I posted a link above showing improvements. Things have changed with the ratio improving a fair bit even within the past decade. On the other hand, at the same time, we see radical islam sweeping places like Kerela with the ISIS recruits coming out of it. Regardless, there is further change needed.

            Broadly, this appears to be a Northern S Asian phenomena, with Islam mitigating some of its effects with the hardline anti abortion at all stance. On one hand, the right to choose is taken away.

            For Pak:

            “Current law permits abortion only to save the woman’s life or, early in pregnancy, to provide “necessary treatment”’

            So in one place a woman is forced by law to have a rapist’s baby. In the other, more female fetuses relative to male ones are aborted. It is quite messy.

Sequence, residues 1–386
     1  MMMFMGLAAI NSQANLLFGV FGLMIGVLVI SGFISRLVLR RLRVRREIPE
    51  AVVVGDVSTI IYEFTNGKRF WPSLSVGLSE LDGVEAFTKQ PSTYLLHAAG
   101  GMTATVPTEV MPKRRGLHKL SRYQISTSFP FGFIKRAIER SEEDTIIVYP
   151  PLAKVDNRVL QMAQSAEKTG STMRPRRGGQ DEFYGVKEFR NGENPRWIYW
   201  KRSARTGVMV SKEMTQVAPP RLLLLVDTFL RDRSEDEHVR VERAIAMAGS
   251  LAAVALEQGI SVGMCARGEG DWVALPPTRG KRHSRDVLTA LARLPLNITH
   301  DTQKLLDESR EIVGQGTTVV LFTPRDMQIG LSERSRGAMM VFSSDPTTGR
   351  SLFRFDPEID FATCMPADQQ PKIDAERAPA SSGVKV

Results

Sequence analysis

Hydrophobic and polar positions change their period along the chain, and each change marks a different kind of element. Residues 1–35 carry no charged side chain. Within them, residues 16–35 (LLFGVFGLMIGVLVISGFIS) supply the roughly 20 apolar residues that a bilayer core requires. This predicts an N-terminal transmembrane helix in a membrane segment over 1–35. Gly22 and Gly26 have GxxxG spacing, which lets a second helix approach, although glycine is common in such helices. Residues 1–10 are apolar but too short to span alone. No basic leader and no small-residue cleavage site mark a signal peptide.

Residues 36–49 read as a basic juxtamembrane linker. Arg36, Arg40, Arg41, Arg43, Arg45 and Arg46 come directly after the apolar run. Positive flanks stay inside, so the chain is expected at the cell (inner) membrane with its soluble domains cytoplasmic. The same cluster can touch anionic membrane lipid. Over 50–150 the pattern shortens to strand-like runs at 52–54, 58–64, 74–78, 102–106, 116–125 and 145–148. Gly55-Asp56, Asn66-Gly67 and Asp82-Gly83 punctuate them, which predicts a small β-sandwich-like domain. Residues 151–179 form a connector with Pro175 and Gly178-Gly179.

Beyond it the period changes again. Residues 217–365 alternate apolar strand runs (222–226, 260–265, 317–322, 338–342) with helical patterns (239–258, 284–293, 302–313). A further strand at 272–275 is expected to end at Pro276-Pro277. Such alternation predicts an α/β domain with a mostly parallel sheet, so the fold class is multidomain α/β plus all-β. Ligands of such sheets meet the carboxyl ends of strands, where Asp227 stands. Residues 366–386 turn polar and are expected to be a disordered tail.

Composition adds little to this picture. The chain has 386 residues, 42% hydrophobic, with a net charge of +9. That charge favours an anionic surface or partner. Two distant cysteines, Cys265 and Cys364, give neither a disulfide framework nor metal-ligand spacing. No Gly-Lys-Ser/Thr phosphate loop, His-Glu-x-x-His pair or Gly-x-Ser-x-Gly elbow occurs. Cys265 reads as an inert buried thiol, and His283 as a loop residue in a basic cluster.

2. Although it has it’s limitations, wouldn’t freedom of expression be a good defence of the burka.

  3. This debate is just another example of shadow-boxing. The basic problem most people who complain about dress code etc have is not the dress code itself but the type of regressive culture it represents. And such people – the most important opinions being from the West – wouldn’t really care much about this regression (orthodox Hindus or non-European Christians or ultra orthodox Jews can be pretty regressive too etc) if Islamicate cultures were more insular, self-absorbed and less interested in violence to respond to stimuli or enforce such clothing rules.

    1. True. If Jihadism were to be divorced from Islam, this wouldn’t be as big of a deal.

      Radical Islam has destroyed the image of Islam. Its alliance with leftists will only make matters worse.